Recently I hosted a dinner and book signing at a friend’s restaurant in Charlotte. Me and Tom Condron, the Chef/Owner go way back. So after everyone had a glass of wine and a few hors d’oeuvre in them they sat down. We were all in a great mood, it was a Saturday night and a delightful evening was in front of us. Of the 40 guests in the room, only four had finished the book, five were in the process and some of them were probably there for a little something different on a Saturday night. I gave a quick introduction, talked about what sent me down a writer’s path then told a couple of quick stories about me and Tom and soon everyone was laughing and toasting their glasses. Then I read the first page of my novel:
If I had to name the most infuriating part of being this old, I would have to say that first and foremost, it’s the crumbs. I cannot seem to control the food crumbs. They pile up on the edges of my mouth, the tip of my chin, and are scattered from the top of my shirt to the edges of my lap, often giving me the appearance of a wheelchair-bound Santa at the bottom of a snow globe before he gets shaken up. I would wipe them away, but in order to do that one needs to be able to control their own hands, and on some days my hands shake so bad I can’t even hold a napkin. Today the service staff at this over-priced retirement community has more pressing business than to bother with the crumbs on an old man’s shirt. I’m rolling down the hallway after a messy breakfast so I can continue shaking behind closed doors, when the prettiest woman I have seen in years comes into focus. She is maybe five feet, eight inches tall with shoulder length brown hair, high cheeks and green eyes behind thin eyeglasses. She smiles at me. It is an absolutely gorgeous smile, and I’m covered in flecks of grits and toast, sausage grease and a smear of grape jelly, a rolling menu that my fellow residents can practically place their own orders from. If she stops to talk to me, there will be no limit to my humiliation.
I’m a retired fire fighter. In my day, I stood six feet, four inches tall and my chest and biceps crowded the fullest shirts. Even the most sophisticated women – such as this young lady in front of me – would routinely be reduced to smiles, incomplete sentences and nervous giggles when I showed up at their minor kitchen fires, usually created by their fumbling children or inept husband’s attempt at a Mother’s Day breakfast. My guys at the station house called my ability to render women incapable of uttering a coherent sentence the “Bannon Effect.” The reports filed after minor fires often read something like: The homeowner attempted to provide a statement at the scene. However, the trauma associated with the incident coupled with the Bannon Effect provided by the Station Captain prevented the homeowner from offering a reasonable statement regarding said incident. And now, old age has reduced me to a 225-pound crumb-covered and palsied burden that even I cannot be bothered to care for. Please God, let this woman walk past me.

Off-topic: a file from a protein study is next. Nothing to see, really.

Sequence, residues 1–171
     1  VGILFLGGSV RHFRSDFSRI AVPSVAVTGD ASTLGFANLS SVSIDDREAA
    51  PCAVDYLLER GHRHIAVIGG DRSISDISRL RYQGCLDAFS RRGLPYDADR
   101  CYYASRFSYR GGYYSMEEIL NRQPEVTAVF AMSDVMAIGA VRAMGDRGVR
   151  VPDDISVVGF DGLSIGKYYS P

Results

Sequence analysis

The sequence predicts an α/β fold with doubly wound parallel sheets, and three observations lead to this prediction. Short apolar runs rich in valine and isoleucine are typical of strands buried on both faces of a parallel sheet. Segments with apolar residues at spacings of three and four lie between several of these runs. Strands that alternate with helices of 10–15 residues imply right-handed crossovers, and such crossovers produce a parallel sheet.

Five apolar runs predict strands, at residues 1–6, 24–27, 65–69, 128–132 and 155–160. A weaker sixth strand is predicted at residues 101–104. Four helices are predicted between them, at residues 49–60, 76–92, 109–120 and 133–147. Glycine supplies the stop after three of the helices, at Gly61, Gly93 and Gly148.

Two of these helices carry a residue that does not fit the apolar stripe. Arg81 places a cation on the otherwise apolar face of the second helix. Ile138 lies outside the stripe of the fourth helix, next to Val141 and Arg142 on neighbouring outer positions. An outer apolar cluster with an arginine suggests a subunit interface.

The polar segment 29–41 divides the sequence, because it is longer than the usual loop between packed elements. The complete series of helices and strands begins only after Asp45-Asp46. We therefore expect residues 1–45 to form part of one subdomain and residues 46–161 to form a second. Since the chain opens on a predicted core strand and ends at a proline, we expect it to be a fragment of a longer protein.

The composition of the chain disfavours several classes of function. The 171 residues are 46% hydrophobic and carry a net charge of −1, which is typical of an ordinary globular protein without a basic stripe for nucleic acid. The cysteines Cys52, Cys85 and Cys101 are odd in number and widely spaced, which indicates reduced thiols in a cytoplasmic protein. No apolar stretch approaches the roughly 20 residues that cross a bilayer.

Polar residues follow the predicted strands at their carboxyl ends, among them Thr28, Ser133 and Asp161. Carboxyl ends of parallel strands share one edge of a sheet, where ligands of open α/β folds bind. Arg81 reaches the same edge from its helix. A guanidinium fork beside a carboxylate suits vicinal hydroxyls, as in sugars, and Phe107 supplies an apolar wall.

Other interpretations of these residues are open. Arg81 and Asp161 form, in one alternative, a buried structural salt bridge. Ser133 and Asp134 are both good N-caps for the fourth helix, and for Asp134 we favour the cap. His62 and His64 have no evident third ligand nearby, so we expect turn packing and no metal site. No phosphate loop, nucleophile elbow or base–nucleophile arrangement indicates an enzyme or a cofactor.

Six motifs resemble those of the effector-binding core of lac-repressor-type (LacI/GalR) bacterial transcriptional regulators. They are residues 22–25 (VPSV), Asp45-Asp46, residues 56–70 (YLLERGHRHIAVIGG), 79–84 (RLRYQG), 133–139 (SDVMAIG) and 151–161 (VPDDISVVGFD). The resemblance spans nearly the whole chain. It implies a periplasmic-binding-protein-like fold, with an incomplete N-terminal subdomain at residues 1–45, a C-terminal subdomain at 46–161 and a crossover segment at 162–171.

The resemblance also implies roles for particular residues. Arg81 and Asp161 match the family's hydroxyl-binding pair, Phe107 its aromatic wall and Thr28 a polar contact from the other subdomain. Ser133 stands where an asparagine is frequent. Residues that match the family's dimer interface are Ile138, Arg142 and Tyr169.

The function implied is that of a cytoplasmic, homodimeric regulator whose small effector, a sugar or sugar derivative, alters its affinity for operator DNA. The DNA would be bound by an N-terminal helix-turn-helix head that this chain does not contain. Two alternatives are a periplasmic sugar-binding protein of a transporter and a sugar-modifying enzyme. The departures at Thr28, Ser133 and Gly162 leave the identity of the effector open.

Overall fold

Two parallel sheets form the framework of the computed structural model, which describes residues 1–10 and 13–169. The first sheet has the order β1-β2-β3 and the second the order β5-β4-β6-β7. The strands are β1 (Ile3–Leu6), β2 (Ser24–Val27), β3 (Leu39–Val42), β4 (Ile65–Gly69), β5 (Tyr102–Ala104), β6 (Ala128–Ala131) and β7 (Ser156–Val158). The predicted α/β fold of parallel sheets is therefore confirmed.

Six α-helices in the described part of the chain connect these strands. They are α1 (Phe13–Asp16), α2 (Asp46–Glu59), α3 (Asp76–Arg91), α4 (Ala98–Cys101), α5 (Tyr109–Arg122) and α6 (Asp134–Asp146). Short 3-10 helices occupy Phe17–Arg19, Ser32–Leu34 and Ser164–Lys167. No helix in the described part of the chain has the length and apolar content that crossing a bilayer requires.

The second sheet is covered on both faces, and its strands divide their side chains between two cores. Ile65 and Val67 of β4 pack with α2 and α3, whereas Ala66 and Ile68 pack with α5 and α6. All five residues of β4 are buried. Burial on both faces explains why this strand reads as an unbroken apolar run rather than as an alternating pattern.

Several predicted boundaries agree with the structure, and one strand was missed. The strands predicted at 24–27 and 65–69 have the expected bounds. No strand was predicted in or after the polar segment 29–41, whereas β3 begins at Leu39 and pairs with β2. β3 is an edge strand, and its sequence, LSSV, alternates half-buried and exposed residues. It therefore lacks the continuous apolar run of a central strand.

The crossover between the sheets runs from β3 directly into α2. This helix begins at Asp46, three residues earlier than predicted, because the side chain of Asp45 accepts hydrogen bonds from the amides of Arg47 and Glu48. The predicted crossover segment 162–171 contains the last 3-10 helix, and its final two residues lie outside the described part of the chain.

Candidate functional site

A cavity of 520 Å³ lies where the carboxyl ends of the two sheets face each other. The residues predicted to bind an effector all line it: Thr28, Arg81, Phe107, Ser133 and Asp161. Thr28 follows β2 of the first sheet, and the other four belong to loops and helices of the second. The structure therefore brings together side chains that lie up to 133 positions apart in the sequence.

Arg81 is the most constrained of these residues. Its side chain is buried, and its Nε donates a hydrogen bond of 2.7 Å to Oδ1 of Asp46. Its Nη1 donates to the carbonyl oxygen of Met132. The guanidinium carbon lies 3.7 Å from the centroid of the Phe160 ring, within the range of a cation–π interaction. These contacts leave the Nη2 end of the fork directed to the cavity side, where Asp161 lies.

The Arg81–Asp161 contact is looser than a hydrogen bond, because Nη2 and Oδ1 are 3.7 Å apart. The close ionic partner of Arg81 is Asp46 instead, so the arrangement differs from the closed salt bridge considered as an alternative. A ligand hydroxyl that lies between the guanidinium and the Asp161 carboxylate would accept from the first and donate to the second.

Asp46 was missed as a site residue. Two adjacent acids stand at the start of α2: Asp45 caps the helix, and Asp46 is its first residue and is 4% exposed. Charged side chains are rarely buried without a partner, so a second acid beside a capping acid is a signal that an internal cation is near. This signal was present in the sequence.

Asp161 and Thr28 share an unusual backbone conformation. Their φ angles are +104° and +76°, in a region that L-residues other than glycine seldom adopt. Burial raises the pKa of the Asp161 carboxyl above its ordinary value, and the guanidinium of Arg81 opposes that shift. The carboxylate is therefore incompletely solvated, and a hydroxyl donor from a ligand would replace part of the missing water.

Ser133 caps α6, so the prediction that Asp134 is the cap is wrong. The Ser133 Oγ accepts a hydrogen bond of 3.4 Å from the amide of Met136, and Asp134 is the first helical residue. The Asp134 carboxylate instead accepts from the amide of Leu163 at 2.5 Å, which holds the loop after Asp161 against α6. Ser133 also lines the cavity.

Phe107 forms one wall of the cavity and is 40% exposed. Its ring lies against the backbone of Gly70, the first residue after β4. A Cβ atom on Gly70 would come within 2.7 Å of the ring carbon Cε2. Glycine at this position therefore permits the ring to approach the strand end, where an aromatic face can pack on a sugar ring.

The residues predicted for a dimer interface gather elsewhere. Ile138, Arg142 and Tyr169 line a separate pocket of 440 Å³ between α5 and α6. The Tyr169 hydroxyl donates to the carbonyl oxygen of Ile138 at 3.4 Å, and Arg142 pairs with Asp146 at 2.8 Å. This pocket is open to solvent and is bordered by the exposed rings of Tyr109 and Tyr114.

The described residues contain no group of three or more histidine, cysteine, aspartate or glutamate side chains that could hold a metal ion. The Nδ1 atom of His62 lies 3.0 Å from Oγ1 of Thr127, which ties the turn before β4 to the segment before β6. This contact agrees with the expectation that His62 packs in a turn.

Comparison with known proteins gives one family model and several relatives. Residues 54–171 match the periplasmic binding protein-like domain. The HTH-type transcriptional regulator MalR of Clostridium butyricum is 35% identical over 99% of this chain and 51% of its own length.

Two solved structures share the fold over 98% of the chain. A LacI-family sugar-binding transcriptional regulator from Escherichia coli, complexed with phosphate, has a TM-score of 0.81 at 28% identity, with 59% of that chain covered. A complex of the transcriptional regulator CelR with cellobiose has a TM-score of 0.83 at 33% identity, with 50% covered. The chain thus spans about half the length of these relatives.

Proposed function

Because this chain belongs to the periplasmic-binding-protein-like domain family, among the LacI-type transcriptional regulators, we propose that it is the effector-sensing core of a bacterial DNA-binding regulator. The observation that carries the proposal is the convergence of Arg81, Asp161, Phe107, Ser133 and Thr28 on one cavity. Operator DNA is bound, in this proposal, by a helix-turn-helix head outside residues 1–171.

The once celebratory crowd was silent. After a few seconds a gentleman spoke up and said, “So this isn’t a cookbook?”
Good writing should make a personal connection with you, grab you and hold onto you. And that night in my audience maybe half of these people were over 60 years old and I’m certain they were thinking “Good God, in a few years that could be me in that wheelchair.”
When our restaurant was open I had posted an essay on our website, a story about our wonderful Jack Russell terrier, Bonnie, and the trauma involved with having to put her down after agonizing over the decision. She was 15 and her condition had deteriorated to the point that it was the only humane option left. A few days later I posted my story and within five days we had received dozens of sympathy cards in the mail. I was hurting and my friends wanted me to know that they cared and that they had endured similar decisions with their pets. I had really made a personal connection with my readers and customers, much like I had last Saturday night.
I would imagine all of us would like to grow old amongst our families, so that when we begin to lose control of our faculties, we are surrounded by people that love and care for us, however the reality could be the opposite. If we end up in a retirement home, no matter how pricey that home is, will we have someone to wipe the crumbs off of our chins, not because they’re paid to, but because it’s the right thing to do? I pray that the answer is yes.